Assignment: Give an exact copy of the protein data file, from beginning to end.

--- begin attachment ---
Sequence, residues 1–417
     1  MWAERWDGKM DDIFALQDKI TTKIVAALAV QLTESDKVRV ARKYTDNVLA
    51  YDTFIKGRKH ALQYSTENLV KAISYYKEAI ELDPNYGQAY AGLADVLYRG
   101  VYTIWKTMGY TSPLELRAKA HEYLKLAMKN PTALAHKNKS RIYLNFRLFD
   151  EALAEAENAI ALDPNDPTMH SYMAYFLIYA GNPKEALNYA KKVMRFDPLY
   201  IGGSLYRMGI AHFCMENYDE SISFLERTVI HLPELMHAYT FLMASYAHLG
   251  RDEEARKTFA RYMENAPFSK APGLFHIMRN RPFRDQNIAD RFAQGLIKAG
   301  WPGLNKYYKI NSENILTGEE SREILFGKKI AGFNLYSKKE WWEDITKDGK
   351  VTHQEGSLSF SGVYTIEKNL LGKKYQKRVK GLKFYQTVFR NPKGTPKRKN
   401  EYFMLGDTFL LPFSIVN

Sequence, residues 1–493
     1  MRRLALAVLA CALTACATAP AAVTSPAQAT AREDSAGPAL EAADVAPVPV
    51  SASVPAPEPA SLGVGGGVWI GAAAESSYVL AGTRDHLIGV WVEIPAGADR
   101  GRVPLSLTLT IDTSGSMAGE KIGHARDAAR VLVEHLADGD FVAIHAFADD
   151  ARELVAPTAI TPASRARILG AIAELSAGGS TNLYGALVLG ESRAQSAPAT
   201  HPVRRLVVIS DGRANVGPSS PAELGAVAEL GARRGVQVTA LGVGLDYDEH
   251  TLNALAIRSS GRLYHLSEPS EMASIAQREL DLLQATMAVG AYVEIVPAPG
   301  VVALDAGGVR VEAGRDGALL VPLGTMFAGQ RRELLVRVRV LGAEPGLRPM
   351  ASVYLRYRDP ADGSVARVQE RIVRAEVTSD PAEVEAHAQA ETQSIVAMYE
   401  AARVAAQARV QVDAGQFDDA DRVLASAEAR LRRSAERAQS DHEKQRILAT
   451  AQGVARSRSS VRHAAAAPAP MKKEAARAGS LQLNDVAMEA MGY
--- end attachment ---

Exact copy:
Sequence, residues 1–417
     1  MWAERWDGKM DDIFALQDKI TTKIVAALAV QLTESDKVRV ARKYTDNVLA
    51  YDTFIKGRKH ALQYSTENLV KAISYYKEAI ELDPNYGQAY AGLADVLYRG
   101  VYTIWKTMGY TSPLELRAKA HEYLKLAMKN PTALAHKNKS RIYLNFRLFD
   151  EALAEAENAI ALDPNDPTMH SYMAYFLIYA GNPKEALNYA KKVMRFDPLY
   201  IGGSLYRMGI AHFCMENYDE SISFLERTVI HLPELMHAYT FLMASYAHLG
   251  RDEEARKTFA RYMENAPFSK APGLFHIMRN RPFRDQNIAD RFAQGLIKAG
   301  WPGLNKYYKI NSENILTGEE SREILFGKKI AGFNLYSKKE WWEDITKDGK
   351  VTHQEGSLSF SGVYTIEKNL LGKKYQKRVK GLKFYQTVFR NPKGTPKRKN
   401  EYFMLGDTFL LPFSIVN

Sequence, residues 1–493
     1  MRRLALAVLA CALTACATAP AAVTSPAQAT AREDSAGPAL EAADVAPVPV
    51  SASVPAPEPA SLGVGGGVWI GAAAESSYVL AGTRDHLIGV WVEIPAGADR
   101  GRVPLSLTLT IDTSGSMAGE KIGHARDAAR VLVEHLADGD FVAIHAFADD
   151  ARELVAPTAI TPASRARILG AIAELSAGGS TNLYGALVLG ESRAQSAPAT
   201  HPVRRLVVIS DGRANVGPSS PAELGAVAEL GARRGVQVTA LGVGLDYDEH
   251  TLNALAIRSS GRLYHLSEPS EMASIAQREL DLLQATMAVG AYVEIVPAPG
   301  VVALDAGGVR VEAGRDGALL VPLGTMFAGQ RRELLVRVRV LGAEPGLRPM
   351  ASVYLRYRDP ADGSVARVQE RIVRAEVTSD PAEVEAHAQA ETQSIVAMYE
   401  AARVAAQARV QVDAGQFDDA DRVLASAEAR LRRSAERAQS DHEKQRILAT
   451  AQGVARSRSS VRHAAAAPAP MKKEAARAGS LQLNDVAMEA MGY